Philip V died at the beginning of 1322, aged thirty, and was succeeded by his and Louis X's brother Charles IV.  When Charles died on 1 February 1328 at the age of thirty-five, he also left his widow Joan of Evreux (his first cousin and sister of Philip of Evreux) pregnant, and she gave birth exactly two months later to his posthumous daughter Blanche, later duchess of Orleans.  As none of the three brothers left surviving sons, the throne of France passed to their first cousin Philip of Valois, son of Philip IV's brother Charles, count of Valois and the first Valois king of France.  Philip of Valois had no claim to the kingdom of Navarre, as he was not a descendant of Joan I, and thus Louis X and Marguerite of Burgundy's sixteen-year-old daughter acceded as Queen Joan II of Navarre.  She and Philip of Evreux were the parents of the notorious Charles 'the Bad', king of Navarre and count of Evreux, born in 1332, Louis X's grandson.  Louis X also left an illegitimate daughter, Eudeline, abbess of the Franciscan house of Saint-Marcel near Paris between 1334 and 1339.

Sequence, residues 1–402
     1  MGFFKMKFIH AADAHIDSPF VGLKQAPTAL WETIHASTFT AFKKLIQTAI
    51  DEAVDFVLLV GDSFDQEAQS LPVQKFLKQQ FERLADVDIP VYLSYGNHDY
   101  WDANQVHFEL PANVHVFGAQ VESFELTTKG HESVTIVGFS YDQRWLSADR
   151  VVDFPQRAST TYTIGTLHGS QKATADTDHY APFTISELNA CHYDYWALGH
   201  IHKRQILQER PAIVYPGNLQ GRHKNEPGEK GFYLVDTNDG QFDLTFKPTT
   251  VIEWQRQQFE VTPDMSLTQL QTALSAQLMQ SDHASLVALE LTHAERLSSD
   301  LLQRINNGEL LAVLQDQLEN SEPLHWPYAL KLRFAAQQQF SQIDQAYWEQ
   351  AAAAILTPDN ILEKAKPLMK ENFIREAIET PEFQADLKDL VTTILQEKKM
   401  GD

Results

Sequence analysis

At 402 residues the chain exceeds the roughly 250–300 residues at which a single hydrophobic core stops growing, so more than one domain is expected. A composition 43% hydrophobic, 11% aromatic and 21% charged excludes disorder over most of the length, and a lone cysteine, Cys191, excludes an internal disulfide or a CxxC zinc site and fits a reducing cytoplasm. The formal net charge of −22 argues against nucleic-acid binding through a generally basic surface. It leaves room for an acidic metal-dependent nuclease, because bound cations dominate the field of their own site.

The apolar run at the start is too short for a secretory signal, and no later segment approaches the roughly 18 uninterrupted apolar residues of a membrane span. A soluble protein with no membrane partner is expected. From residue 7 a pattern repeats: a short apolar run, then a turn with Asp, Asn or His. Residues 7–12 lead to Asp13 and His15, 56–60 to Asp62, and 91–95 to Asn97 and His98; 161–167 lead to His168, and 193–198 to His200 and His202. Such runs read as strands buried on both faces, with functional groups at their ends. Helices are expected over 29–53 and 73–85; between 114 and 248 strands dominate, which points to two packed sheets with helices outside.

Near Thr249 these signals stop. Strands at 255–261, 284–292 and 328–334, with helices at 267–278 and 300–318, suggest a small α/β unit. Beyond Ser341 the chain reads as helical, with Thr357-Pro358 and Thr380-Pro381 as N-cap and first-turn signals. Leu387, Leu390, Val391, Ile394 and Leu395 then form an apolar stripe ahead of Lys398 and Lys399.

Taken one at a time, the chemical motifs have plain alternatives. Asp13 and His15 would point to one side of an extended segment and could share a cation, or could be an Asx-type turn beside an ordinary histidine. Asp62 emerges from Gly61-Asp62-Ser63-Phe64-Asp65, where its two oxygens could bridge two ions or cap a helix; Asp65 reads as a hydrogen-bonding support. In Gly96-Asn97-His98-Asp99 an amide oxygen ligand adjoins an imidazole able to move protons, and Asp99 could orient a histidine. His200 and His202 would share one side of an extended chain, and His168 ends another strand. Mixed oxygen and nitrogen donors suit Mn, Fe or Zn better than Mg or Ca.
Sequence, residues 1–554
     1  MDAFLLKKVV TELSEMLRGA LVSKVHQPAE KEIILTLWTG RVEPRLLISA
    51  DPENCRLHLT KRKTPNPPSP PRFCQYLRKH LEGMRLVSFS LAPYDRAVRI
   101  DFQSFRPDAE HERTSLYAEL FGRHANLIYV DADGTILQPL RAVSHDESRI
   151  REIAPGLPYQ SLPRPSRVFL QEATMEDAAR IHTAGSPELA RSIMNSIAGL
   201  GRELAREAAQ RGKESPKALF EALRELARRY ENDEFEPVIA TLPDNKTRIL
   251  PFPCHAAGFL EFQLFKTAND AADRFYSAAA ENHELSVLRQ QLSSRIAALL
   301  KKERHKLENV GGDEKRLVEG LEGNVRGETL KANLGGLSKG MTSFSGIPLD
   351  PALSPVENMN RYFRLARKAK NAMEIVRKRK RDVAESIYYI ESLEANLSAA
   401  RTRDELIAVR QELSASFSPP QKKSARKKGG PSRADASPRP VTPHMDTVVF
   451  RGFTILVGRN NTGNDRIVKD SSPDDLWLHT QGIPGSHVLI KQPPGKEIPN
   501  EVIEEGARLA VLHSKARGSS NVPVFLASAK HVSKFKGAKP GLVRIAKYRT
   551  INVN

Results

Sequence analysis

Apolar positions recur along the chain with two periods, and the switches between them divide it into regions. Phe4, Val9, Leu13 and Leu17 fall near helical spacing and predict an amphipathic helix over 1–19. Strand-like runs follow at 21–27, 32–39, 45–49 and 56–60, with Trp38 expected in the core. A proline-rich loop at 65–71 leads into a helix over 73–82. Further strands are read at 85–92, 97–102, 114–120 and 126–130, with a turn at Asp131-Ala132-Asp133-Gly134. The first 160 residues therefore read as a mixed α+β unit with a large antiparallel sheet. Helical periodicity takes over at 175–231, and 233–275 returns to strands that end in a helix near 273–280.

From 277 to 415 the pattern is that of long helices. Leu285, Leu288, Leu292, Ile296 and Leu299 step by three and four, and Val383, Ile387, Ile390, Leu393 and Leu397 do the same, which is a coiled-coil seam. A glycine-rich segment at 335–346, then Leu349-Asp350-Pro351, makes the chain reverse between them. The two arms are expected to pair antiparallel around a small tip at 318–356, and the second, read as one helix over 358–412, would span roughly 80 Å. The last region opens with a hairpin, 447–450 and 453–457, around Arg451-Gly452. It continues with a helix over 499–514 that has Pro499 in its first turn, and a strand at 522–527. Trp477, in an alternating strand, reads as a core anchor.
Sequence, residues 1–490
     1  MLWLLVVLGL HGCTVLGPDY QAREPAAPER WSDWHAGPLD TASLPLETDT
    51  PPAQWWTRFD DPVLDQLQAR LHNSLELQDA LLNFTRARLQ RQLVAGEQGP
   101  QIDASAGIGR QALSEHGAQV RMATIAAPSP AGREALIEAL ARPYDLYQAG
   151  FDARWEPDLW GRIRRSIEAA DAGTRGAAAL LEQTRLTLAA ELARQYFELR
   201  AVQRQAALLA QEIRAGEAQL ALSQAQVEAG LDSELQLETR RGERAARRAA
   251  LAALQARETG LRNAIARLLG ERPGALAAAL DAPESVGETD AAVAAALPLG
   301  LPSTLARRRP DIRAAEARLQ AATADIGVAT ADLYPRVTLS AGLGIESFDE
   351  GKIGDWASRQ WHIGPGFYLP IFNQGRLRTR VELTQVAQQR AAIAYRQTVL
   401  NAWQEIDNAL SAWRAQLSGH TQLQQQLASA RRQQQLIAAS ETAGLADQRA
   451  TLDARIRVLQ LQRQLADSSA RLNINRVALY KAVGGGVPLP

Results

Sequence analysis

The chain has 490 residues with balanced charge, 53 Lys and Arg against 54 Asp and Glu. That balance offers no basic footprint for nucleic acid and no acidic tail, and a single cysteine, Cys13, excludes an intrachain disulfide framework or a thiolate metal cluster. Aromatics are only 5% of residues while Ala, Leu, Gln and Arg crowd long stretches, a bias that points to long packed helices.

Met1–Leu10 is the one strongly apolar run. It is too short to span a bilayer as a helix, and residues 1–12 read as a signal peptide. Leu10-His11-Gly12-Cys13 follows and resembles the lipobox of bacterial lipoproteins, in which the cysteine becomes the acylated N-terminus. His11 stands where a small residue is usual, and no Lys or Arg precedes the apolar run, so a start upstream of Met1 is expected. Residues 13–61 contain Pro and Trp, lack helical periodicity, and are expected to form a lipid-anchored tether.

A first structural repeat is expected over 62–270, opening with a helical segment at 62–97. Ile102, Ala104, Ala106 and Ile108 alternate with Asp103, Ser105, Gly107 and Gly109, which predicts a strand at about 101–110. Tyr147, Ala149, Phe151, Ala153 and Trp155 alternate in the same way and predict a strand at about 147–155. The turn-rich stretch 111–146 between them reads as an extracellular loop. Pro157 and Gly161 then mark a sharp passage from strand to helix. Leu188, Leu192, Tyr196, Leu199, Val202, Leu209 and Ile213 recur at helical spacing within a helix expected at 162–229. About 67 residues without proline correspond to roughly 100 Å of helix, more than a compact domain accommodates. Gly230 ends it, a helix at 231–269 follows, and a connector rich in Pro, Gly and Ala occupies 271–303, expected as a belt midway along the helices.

* Jim Bradbury, The Capetians: Kings of France 987-1328 (London: Continuum, 2007), p. 278.

** Elizabeth A. R. Brown, 'The King’s Conundrum: Endowing Queens and Loyal Servants, Ensuring Salvation, and Protecting the Patrimony in Fourteenth-Century France', in Medieval Futures: Attitudes to the Future in the Middle Ages, ed. J. A. Burrow and Ian P. Wei (Woodbridge: Boydell Press, 2000), p. 134 note 45.